The recently published EITI Report showed that Burkina Faso’s gold production reached nearly 33 tons in 2013, up 9% from the previous year, and over 20 times the country’s total gold production in 2006.
This massive increase in production has made Burkina Faso Africa’s fourth largest producer of gold. The rapid expansion of Burkina Faso’s industrial and artisanal mining sector in recent years has led to a dramatic shift in the country’s economy, which presents opportunities and challenges. According to government statistics, the number of people directly involved in artisanal mining is estimated at 1 million.
Mineral smuggling from the artisanal mining sector
Whilst the main bulk of production comes from industrial mining (accounting for almost 99% of total output according to official figures), production from the artisanal mining is also significant, though poorly documented.
Declared production from artisanal mining was 0.5 tons in 2013, but undeclared production was estimated as at least 8.8 tons according to a report by the Berne Declaration, a NGO investigating the sources of Switzerland’s gold. The study alleges that almost all of the gold produced by artisanal miners slips through the country’s borders undetected. In 2013, the NGO reported that approximately seven tons of gold left the country undeclared and was exported to Switzerland via Togo. Additionally, the EITI Report revealed that only 37 of the certified 63 trading houses declared their revenues to the Office of Mines and Geology.
Important changes in turbulent times
Massive protests forced President Blaise Compaoré to resign from office in October 2014 after 27 years in power. A transition government led by President Michel Kafando was appointed and tasked with the mandate of organising elections and facilitating the handover of power in one year.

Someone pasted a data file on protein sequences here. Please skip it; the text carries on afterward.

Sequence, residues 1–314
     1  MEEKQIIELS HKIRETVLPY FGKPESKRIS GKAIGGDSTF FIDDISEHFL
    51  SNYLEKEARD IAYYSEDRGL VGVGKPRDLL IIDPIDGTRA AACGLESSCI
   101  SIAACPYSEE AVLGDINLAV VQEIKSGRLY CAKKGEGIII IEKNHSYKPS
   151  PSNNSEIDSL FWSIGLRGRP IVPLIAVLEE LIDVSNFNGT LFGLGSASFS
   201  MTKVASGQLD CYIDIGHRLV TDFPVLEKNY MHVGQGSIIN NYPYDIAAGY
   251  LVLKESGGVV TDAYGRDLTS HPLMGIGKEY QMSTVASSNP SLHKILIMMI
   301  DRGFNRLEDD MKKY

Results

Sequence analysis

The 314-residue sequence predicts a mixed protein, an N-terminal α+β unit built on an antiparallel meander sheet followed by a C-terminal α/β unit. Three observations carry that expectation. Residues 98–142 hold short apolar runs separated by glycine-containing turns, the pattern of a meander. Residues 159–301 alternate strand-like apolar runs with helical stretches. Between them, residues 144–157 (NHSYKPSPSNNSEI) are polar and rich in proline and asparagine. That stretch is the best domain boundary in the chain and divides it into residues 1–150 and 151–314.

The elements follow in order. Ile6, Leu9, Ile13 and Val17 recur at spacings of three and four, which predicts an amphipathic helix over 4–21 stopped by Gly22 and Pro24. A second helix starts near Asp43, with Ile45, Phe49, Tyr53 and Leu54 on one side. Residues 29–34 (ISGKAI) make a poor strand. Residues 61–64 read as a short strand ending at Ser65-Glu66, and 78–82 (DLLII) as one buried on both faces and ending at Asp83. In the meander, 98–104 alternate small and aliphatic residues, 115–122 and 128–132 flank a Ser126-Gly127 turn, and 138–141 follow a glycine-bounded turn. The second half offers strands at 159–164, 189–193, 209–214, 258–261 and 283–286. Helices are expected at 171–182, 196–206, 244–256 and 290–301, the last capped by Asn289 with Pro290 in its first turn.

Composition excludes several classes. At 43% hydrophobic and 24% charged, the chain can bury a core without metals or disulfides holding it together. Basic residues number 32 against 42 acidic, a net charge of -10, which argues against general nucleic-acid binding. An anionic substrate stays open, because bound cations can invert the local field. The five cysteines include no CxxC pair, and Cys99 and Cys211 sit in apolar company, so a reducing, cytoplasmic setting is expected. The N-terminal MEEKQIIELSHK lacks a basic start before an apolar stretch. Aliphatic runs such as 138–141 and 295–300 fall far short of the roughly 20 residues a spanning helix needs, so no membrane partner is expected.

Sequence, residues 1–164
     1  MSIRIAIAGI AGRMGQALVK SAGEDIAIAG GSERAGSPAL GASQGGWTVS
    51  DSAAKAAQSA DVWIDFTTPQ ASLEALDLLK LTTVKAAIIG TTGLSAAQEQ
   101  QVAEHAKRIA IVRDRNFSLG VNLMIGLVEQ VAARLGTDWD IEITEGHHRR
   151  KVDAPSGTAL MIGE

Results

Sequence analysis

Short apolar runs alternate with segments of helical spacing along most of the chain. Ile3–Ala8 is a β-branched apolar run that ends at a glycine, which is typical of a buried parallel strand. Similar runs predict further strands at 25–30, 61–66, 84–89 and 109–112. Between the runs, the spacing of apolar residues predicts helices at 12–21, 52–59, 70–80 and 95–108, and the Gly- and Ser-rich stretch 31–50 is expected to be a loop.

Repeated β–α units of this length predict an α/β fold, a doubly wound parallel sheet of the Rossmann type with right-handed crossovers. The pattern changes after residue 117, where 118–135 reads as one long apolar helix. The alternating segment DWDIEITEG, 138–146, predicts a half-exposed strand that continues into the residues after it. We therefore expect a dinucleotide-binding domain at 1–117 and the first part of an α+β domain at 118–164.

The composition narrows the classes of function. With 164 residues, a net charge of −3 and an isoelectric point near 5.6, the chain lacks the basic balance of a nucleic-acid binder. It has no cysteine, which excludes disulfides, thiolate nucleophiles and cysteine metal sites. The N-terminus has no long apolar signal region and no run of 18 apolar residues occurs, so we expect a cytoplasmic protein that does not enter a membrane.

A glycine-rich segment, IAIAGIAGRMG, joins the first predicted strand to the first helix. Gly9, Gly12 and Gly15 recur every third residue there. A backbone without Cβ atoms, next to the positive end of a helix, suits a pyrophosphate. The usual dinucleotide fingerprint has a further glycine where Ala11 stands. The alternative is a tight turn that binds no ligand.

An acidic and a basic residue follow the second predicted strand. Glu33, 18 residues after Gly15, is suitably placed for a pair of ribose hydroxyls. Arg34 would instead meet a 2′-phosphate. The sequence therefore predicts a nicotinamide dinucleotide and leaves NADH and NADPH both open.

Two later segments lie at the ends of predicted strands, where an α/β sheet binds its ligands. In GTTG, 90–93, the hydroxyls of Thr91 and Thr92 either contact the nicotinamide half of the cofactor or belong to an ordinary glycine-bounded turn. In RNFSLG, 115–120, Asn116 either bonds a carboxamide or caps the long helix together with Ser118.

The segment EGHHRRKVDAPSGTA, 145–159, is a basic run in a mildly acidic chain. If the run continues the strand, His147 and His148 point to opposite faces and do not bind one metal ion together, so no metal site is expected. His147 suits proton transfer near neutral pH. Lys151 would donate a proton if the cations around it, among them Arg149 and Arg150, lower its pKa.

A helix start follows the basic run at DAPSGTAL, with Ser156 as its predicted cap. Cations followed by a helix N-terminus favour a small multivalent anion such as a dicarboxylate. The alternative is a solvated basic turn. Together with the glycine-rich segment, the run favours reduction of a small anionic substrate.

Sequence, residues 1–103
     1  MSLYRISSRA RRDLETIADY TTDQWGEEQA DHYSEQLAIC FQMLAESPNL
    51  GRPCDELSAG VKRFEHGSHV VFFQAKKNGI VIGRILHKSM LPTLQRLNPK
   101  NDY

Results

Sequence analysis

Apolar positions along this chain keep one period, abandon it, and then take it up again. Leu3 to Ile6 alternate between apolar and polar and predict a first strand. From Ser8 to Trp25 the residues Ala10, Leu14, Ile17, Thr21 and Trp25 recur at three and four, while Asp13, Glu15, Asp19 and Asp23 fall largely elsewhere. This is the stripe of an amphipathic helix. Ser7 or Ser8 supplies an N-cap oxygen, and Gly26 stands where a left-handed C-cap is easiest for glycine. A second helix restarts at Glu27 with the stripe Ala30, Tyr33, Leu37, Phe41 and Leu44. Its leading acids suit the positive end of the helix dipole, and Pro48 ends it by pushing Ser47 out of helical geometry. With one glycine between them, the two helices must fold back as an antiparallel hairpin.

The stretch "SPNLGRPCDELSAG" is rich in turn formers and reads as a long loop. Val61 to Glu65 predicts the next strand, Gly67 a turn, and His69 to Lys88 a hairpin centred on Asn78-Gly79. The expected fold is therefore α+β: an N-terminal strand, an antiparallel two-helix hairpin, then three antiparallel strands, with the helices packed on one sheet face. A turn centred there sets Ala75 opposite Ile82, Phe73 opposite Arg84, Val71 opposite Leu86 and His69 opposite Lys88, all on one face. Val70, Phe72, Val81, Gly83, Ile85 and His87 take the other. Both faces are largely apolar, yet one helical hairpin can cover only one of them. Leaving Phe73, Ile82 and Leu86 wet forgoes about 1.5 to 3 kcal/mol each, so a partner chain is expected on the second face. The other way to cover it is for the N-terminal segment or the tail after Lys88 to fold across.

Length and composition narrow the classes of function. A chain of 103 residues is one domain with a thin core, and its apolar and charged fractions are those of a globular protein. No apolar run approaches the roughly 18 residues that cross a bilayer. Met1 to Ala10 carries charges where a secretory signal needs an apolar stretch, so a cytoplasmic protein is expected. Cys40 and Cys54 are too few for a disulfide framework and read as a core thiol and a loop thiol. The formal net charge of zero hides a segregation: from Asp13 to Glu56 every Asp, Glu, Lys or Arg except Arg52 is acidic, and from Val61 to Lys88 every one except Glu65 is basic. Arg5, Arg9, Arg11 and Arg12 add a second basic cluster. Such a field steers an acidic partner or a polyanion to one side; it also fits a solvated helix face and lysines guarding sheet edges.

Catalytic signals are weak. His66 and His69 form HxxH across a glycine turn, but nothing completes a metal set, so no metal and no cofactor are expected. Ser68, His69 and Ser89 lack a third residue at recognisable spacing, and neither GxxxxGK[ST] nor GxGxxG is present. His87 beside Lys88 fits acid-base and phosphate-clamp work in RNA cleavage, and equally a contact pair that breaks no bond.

The temporary government managed to introduce some reforms, including the adoption of a new mining code by parliament in June 2015. The Code reaffirms Burkina Faso’s adherence to the EITI and makes it mandatory for all agreements and contracts between the government and mining companies to be published in the country’s official Gazette. It also calls for the establishment of various funds including one for environmental rehabilitation, improved security at artisanal mining sites and for the prohibition of the use of toxic chemical products. This wide sweeping reform was signed into law by the interim President in July 2015. Soon after however, there was a failed military coup to overthrow the transition government. Despite this setback, the transition government handed over power to the democratically elected President Roch Marc Christian Kaboré in December 2015.
The political instability notwithstanding, EITI implementation continued unimpeded. The EITI Burkina Faso requested a two month extension for the publication of its 2013 Report and avoided suspension. The report highlighted the importance of implementing those reforms for better governance of this growing sector.
EITI’s potential in improving the artisanal mining gold sector
Could the EITI be a catalyst for greater public awareness and a platform for deeper discussions on the artisanal gold mining sector, with the ultimate goal of bringing gold revenues back to Burkina Faso? By requiring all the buying houses to disclose the amount of gold that is bought and sold every year, EITI data can highlight how the sector really operates. The EITI also provides the opportunity to compare government data with other sources, such as the Report by the Berne Declaration.
Whilst the EITI has traditionally focused on the formal, large-scale mining sector, it is increasingly being used in some countries to provide a more comprehensive picture of the contribution of the entire extractive sector to the economy. This includes fiscal revenues, employment, exports, livelihoods, investment and contribution to GDP through linkage industries.
For more information about extractive transparency in Burkina Faso, visit the country page on eiti.org.